Shut down the Internet: pic.twitter.com/z2vlYQ9ko5
— Los Angeles Dodgers (@Dodgers) March 19, 2014
By Jon Weisman
In their 26th year of pursuing their seventh World Series title, the Dodgers don’t feel they’ve fulfilled their mission because they didn’t win a championship.
Nevertheless, despite what happened in October, it was a memorable 2014 for a variety of reasons.
In January, beloved broadcaster Vin Scully served as Grand Marshal of the Rose Parade, then later intoned “It’s time for … NHL hockey” as Dodger Stadium successfully hosted the first outdoor National Hockey League game ever in Southern California, with the future Stanley Cup champion Los Angeles Kings losing to the Anaheim Ducks, 3-0.
Two months later, the Dodgers broke more geographic history, flying to Sydney to open the 2014 season against the Arizona Diamondbacks in the first official MLB games in Australia. Clayton Kershaw, naturally, was the winning pitcher on Opening Day, but the lasting image from the trip was one of Scully petting a koala.
When they returned to Dodger Stadium, the Dodgers officially christened their new outfield plazas for the 2014 regular season. An immediate hit, the plazas proved a popular gathering spot, featuring new culinary options to compliment the famed Dodger Dog, such as Tommy Lasorda’s Trattoria.
May Day brought a victory for the ages, or at least, the entire lifespan of the franchise in the National League. With the final out of their 6-4 triumph over Minnesota, the Dodgers won their 10,000th game since joining the National League in 1890. Ten days later came a timely Old-Timers Day, featuring Dodger legends from the past seven decades, including Sandy Koufax.
Nearly 18 years after their last no-hitter, the Dodgers threw two of them in a 25-day span. First, Josh Beckett, coming back from an injury-plagued, winless 2013 season, stifled the Philadelphia Phillies on May 25, then Kershaw delivered the masterpiece of his precocious career, a 15-strikeout wipeout of the Colorado Rockies on June 18 in which the only baserunner reached on an error.
Shortly before Kershaw’s no-hitter, the Dodgers found themselves in a deep hole in the National League West: 9½ games behind the San Francisco Giants (a number that retroactively would increase to 10 once the Giants completed a suspended game against Colorado with a victory). It was similar to the 9½-game deficit they overcame in 2013, but manager Don Mattingly preached patience, warning that such rapid-fire history was unlikely to repeat himself.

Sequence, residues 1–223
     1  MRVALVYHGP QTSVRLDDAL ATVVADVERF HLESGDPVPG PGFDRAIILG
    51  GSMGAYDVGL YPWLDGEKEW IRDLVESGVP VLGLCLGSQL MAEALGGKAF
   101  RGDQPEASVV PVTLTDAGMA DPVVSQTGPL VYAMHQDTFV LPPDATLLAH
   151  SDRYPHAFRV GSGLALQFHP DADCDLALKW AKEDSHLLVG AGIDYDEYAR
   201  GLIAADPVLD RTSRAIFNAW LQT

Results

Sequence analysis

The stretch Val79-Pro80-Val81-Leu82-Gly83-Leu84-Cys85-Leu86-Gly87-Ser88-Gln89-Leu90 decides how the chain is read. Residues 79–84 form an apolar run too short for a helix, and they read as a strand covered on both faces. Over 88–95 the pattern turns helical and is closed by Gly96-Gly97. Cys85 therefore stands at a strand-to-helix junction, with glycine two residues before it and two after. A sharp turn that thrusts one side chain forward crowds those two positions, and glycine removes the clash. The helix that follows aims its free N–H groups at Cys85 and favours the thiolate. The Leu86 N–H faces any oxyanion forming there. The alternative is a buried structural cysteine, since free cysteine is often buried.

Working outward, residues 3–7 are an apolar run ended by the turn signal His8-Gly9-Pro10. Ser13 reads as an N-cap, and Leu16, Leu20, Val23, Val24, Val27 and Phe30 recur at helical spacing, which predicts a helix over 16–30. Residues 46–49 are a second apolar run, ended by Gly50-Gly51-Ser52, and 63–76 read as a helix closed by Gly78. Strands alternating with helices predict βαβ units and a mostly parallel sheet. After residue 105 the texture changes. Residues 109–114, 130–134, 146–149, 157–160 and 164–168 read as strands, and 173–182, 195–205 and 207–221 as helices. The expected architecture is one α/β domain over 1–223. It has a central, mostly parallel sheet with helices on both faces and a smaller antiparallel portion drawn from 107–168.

But lo and behold, the Dodgers did it again, winning 16 of their next 22 games to catch the Giants after a nailbiting, 1-0 victory over Cleveland on June 30. In that game, by the way, the Dodgers’ narrowly missed their third no-hitter of the season, with Michael Bourn’s single off Dan Haren in the third inning representing the only hit.
The Dodgers finished the first half of the season in first place, and celebrated the All-Star Break with four players in the Midsummer Classic: Dee Gordon, Zack Greinke, Yasiel Puig and Kershaw, who had just wrapped up a 41-inning scoreless streak that vaulted him into NL Cy Young Award contention despite having missed the month of May with an injury to his Teres Major muscle. Kershaw ended up winning NL Pitcher of the Month honors in both June and July.
Los Angeles came out strong after the break, despite facing the most brutal part of its schedule: 26 out of its first 29 games of the second half against winning teams — 18 of them on the road. The Dodgers went 16-13 in stretch, managing to actually increase its NL West lead by 2½ games. (During that time, Dodger Stadium also hosted another extra-curricular treat, the first concert appearance by Paul McCartney since the Beatles played their penultimate concert there in 1966.)
Though pressured by their Bay Area rivals, the Dodgers won both September series with San Francisco, clinching the division thanks to a tour de force performance by Kershaw.
Amid all the excitement, the Dodgers also faced some sad farewells to beloved members of their family, paying tribute to and playing in memory of Tommy John surgery pioneer Dr. Frank Jobe, baseball lifer Don Zimmer, fireballing righty Bob Welch and relief pitcher and screwball tutor Bobby Castillo.
Previously on Dodger Insider: